• @Daniel - In the very rare case where event argument construction is expensive enough to worry about, the coder can use null to represent the empty list if it's really beneficial.

    I'd gladly trade the crashing potential of the current state of affairs for the equally unlikely downside possibility of having to unnecessarily construct my event arguments.

    // New pattern which now has a race condition though with only CPU cycles wasted when it happens

    if (handler.SubscriberCount != 0) {

       var expensiveArgs = ... // expensive argument creation

       handler(this, expensiveArgs);

    }

  • Is there not a subtle memory barrier problem with that pattern? Capturing the Foo variable into a local variable will definitely prevent the NullReferenceException, but unless there is some magic going on that I am unaware of then the thread could reorder the read of Foo and cause it to persistently see a null value even though event handlers have been recently chained.  In most cases it would be moot since you typically only extract the event once during a method call.  However, consider a scenario where you periodically refresh your local copy in a while loop.  The naive solution is to refactor the event invocation into a separate method that does the local copy and null check under the assumption that the compiler will not lift the read outside of method calls, but the method could be inlined circumventing your strategy.  Comments?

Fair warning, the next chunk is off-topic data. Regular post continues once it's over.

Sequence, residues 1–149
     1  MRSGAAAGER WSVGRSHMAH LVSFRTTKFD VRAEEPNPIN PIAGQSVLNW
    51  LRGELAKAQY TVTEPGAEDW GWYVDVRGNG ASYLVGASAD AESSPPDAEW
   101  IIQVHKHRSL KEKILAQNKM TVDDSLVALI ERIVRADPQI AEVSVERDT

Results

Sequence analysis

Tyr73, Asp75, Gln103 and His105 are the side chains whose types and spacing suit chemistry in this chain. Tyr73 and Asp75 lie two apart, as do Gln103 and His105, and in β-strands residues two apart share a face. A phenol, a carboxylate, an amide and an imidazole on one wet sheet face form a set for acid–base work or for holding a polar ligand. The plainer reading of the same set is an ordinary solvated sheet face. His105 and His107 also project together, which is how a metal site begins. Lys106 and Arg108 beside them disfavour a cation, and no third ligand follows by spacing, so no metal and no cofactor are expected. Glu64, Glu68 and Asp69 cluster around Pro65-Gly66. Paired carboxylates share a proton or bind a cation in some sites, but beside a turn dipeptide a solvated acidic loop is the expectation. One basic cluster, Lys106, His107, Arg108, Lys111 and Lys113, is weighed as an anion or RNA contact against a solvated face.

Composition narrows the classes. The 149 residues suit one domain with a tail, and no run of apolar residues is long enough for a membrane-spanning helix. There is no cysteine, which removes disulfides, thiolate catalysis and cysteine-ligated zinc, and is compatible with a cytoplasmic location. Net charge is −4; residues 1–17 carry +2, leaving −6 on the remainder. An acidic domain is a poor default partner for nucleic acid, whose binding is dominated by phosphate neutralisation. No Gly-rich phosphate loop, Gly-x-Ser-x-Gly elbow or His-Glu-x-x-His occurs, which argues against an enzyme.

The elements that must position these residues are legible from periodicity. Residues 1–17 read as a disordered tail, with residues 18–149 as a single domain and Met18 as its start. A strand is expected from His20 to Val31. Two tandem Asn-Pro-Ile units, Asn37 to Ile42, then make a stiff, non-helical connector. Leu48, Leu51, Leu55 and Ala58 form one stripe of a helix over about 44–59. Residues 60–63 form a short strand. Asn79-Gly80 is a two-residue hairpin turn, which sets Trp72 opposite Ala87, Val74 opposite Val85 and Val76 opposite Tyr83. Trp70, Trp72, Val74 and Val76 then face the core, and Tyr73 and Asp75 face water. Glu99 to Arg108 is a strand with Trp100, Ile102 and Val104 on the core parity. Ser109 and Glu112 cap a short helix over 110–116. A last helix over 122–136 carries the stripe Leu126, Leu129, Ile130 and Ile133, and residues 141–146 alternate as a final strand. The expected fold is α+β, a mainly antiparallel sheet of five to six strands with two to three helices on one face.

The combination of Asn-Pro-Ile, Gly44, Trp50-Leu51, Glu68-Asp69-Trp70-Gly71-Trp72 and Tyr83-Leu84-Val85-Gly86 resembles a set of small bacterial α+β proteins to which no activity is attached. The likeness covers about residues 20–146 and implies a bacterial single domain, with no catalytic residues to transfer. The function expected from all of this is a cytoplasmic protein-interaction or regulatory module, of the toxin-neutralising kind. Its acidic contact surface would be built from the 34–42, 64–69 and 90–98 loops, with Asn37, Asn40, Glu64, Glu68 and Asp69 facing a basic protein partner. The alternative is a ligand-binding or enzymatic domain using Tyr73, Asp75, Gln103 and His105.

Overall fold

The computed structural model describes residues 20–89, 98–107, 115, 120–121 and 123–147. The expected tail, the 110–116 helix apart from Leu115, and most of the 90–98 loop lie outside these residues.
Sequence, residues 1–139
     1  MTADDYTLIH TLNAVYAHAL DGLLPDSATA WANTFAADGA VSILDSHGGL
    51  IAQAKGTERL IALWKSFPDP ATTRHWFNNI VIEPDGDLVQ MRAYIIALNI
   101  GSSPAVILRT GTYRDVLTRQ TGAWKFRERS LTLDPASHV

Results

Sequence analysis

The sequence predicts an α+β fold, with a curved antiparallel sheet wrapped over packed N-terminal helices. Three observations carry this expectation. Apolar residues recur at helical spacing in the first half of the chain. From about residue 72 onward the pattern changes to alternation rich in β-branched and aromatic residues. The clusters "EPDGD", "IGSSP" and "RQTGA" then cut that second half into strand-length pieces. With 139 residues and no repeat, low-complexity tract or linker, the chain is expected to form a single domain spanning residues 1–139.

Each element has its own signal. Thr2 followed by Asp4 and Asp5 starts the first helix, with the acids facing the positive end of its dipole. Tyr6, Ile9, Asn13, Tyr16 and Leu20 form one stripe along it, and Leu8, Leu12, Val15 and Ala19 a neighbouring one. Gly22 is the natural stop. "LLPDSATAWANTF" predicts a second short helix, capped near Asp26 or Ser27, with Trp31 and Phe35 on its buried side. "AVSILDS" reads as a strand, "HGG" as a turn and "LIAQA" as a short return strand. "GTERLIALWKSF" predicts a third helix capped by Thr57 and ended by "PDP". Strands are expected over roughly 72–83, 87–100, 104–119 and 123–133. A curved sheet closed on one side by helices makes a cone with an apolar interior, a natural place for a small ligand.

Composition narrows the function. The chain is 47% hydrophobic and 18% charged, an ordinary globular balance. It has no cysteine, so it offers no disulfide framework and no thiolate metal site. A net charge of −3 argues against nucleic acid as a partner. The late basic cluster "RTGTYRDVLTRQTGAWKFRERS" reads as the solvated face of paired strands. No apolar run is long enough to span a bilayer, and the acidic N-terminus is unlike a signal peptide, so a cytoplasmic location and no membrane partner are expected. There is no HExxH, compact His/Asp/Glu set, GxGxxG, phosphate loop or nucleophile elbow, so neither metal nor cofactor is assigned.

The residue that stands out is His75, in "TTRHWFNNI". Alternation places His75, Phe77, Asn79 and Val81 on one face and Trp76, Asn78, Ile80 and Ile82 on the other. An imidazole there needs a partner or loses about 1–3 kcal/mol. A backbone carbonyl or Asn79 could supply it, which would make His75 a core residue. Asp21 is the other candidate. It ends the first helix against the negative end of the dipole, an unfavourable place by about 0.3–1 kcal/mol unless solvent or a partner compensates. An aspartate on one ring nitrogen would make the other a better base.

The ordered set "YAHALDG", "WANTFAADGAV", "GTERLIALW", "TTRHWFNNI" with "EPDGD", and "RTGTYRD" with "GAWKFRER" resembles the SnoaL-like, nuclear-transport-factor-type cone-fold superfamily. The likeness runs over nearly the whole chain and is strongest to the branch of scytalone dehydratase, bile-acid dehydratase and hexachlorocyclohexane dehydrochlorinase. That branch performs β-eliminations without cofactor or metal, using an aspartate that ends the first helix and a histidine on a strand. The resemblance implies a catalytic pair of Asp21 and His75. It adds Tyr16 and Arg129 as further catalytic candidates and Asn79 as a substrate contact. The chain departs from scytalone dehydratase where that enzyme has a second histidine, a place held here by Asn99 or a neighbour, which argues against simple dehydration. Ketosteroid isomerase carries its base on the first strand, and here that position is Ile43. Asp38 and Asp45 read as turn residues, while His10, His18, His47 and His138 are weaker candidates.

• @Brian: you are perfectly right in that to be absolutely correct there should be a memory barrier between the load and the conditional. This would make it similar to a volatile read:

    Action temp = Foo;

    Thread.MemoryBarrier();

    if (temp != null)

         temp();

  • hi,

    I am facing similar kind of problem. In my application i am getting registered event unregistered automatically. There is no place in application where i am unregistering event. The scenario is if modal form is opened then that event becomes null, and if that form is closed it is working fine. Can you please help me in this?

  • So why doesn't the compiler generate this boilerplate code automatically?

  • may be "try-catch" could solve the problem?

    like this way in pseudocode:

    try

    {

         Foo();

    }

    catch(NullReferenceException ex)

    {

         if (!ex.stackTrace.UpperMethod != Reflection.CurrentMethod)

                throw;

    }

  • A pattern that I understand was proposed by Juval Lowe is:

    public event Action Foo = delegate {};

    Thereafter you need not check if Foo or if temp is null or not, just use it in a threat safe manor...

    Cheers,

    Avi

  • It is crystal clear what is going on, but sometimes the exact phrasing needs to be more precise, for example:

    "Therefore, stashing away the current reference stored in that variable into a temporary variable effectively makes a copy of the current state."

    "Thread Alpha makes a copy of the delegate to H in temp and determines that it is not null. "

    I want to emphasize that the reference to the delegate is being copied, not the delegate instance itself. Due to the immutability of multicast delegate we can be sure that the object our  temp variable is pointing to will not change, and any "changes" made to the original event will create a new delegate instance. But if no changes are made, the variables will be pointing to the same instance of the multicast delegate.

    The word "copy" is not quite accurate for these scenarios.